I completely agree here. Hopefully we'll see some improvement and eventually a true swiss-army-knife Linux embedded in motherboards (ASUS say they plan to have BIOS-updating from SplashTop, at least that would be a plus; maybe in a day far-far-away we can eliminate the BIOS altogether and have Linux manage everything from the get-go)...

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            • #21
              You could try this:

              Code:
              #!/bin/sh
              DEVICE="/dev/USBSTICK"
              IMAGE="FILE.IMG"
              offset=$(($(sfdisk -d $IMAGE|grep start=|head -n1|sed 's/.*start=\s*//;s/,.*//')*512))
              OPTIONS="umask=000,shortname=mixed,quiet,utf8"
              DIR=/tmp/target
              INPUT=/tmp/input
              umount ${DEVICE}1 $INPUT
              mkdir -p $DIR $INPUT
              mount -o loop,offset=$offset,$OPIONS $IMAGE $INPUT
              dd if=/dev/zero of=$DEVICE count=1
              sfdisk -D -uM $DEVICE <<EOT
              ,220,6,*
              ,,b
              EOT
              #install-mbr -p D ${DEVICE}
              lilo -s /dev/null -M ${DEVICE}
              mkdosfs -F16 -nDVMUSB ${DEVICE}1
              mkdosfs -F32 -nDATA ${DEVICE}2
              syslinux -s ${DEVICE}1
              mount -o $OPTIONS ${DEVICE}1 $DIR
              cat > $DIR/syslinux.cfg <<EOT
              default /ce_bz
              EOT
              cp -av $INPUT/* $DIR/
              umount ${DEVICE}1 $INPUT
              sync
              That boots to the menu, but does not work for me. Tried FAT32 and FAT16. (For FAT32 use "b" instead of "6" and -F32 instead of -F16"). Maybe it would be more easy to use what is copied on HD with the install tool.

              Edit: Added -D flag to sfdisk increase boot compatibility with certain boards.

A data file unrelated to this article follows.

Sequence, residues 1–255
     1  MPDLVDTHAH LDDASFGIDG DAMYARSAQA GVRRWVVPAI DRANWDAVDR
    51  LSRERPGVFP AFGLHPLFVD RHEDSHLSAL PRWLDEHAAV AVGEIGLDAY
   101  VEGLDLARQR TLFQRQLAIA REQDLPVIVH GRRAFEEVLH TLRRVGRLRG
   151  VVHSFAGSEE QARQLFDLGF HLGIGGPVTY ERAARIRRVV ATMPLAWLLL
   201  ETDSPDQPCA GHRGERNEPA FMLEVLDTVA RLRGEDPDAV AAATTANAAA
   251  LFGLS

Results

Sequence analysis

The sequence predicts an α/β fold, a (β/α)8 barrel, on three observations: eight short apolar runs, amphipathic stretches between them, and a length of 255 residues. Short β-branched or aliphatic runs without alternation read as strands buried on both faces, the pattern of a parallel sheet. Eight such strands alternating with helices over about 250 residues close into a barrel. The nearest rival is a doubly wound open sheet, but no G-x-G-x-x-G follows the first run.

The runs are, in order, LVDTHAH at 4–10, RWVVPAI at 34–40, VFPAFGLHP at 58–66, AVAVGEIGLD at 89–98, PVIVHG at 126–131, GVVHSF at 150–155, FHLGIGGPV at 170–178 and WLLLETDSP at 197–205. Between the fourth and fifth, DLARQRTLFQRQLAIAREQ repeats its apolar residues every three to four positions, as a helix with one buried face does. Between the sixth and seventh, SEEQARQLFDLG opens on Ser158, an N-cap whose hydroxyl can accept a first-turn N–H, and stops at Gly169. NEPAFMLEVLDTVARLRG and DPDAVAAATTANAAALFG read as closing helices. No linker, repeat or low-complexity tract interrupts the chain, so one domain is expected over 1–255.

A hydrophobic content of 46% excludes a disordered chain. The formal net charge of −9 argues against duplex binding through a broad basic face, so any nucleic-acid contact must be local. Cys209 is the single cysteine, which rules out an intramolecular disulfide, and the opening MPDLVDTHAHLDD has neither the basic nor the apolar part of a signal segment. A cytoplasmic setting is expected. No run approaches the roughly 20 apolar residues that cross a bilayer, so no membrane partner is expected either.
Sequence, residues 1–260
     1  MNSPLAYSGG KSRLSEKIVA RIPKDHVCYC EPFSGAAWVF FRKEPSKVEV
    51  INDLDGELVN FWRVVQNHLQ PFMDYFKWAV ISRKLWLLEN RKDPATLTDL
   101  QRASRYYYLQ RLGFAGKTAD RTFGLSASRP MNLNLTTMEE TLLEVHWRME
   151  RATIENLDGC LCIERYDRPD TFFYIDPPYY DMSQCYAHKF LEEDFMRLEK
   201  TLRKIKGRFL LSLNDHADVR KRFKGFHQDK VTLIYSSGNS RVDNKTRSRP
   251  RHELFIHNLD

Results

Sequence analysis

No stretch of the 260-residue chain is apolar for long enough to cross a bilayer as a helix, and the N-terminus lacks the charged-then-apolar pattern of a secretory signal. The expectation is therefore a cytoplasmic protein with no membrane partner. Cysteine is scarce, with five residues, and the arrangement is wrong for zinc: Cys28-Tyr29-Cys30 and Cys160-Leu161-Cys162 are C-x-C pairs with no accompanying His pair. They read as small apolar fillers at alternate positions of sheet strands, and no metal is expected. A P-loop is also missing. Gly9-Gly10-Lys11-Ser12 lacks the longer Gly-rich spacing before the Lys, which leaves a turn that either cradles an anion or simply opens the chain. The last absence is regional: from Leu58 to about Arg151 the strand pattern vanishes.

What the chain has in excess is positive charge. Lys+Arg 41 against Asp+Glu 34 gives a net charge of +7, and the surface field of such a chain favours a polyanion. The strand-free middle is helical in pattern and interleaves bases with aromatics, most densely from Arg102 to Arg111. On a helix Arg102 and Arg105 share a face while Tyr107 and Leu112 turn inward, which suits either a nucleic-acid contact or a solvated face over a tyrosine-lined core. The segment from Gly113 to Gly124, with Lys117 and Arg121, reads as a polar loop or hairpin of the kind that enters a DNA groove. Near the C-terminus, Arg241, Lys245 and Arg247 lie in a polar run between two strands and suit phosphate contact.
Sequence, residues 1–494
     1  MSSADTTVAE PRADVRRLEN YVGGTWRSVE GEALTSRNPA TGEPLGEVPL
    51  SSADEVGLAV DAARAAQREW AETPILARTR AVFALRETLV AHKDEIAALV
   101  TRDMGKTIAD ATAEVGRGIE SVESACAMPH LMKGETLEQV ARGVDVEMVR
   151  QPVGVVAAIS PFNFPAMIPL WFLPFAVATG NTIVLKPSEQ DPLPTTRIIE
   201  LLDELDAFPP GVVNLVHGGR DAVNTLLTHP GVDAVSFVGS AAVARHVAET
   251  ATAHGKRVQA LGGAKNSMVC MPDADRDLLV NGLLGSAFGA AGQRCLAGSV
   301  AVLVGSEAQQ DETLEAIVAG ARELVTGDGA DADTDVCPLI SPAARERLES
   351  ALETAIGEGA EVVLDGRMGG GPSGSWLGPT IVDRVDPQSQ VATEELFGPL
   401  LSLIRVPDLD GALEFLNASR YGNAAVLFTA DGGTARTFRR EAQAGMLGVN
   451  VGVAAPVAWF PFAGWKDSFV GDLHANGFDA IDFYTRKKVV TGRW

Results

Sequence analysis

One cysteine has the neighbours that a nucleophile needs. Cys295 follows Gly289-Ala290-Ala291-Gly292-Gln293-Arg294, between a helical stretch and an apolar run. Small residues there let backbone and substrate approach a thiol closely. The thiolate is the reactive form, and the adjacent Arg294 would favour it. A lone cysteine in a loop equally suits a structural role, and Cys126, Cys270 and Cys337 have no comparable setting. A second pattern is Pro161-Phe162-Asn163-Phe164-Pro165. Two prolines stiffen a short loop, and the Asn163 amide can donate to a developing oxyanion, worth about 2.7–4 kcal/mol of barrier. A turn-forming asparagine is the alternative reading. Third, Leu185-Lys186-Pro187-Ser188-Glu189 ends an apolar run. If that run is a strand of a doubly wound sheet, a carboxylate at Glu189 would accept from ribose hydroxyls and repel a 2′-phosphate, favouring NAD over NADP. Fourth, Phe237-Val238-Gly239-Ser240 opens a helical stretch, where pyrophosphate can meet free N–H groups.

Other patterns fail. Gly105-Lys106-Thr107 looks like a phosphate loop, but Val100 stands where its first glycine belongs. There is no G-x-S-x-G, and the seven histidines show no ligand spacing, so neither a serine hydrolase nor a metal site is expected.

Edit 2: Don't use awk, use syslinux + lilo instead of grub - should be more portable because grub files are not at the same place in most cases. Instead of lilo you can use install-mbr (usually from the mbr package). I basically worte another variant that only uses lilo, but thats maybe not so ideal when the kernel file is moved.
              Edit 3: Create 2 partitions, one is 220 mb for the system, the rest is fat32 and can be used to store data which you can access later, everything you store on first partition can not accessed.
              Last edited by Kano; 07-25-2008, 12:11 PM.

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              • #22
                Originally posted by mgc8 View Post
                Well, since we're on the subject, I can tell you that linux compatibility is so-so with this board (the p5q-pro that is, I can't discuss other variants as there are differences).
                I can fill in some details for the P5Q-E variant. lm-sensors has the same problem - all you get are the four core temps, no voltages or fan speeds. OTOH, ethernet works fine out of the box, both controllers being Marvell (although the two are slightly different variants). As mentioned, all of the AI and auto overclocking stuff is windows only, but manual overclocking works great and the BIOS automatically adjusts Vcore when you change the FSB frequency.

                One possible snag is that this board has a Marvell PATA controller, which is supported out of the box for kernel 2.6.25 and up, but older distros might have some issues.

                For the distro I'm using (Opensuse 11, kernel 2.6.25), both suspend and hibernate seem to work OK, but hibernate fails to shut the power off around 50% of the time. This may be fixable by setting the power off mode to use power-off instead of ACPI, but I haven't tried yet.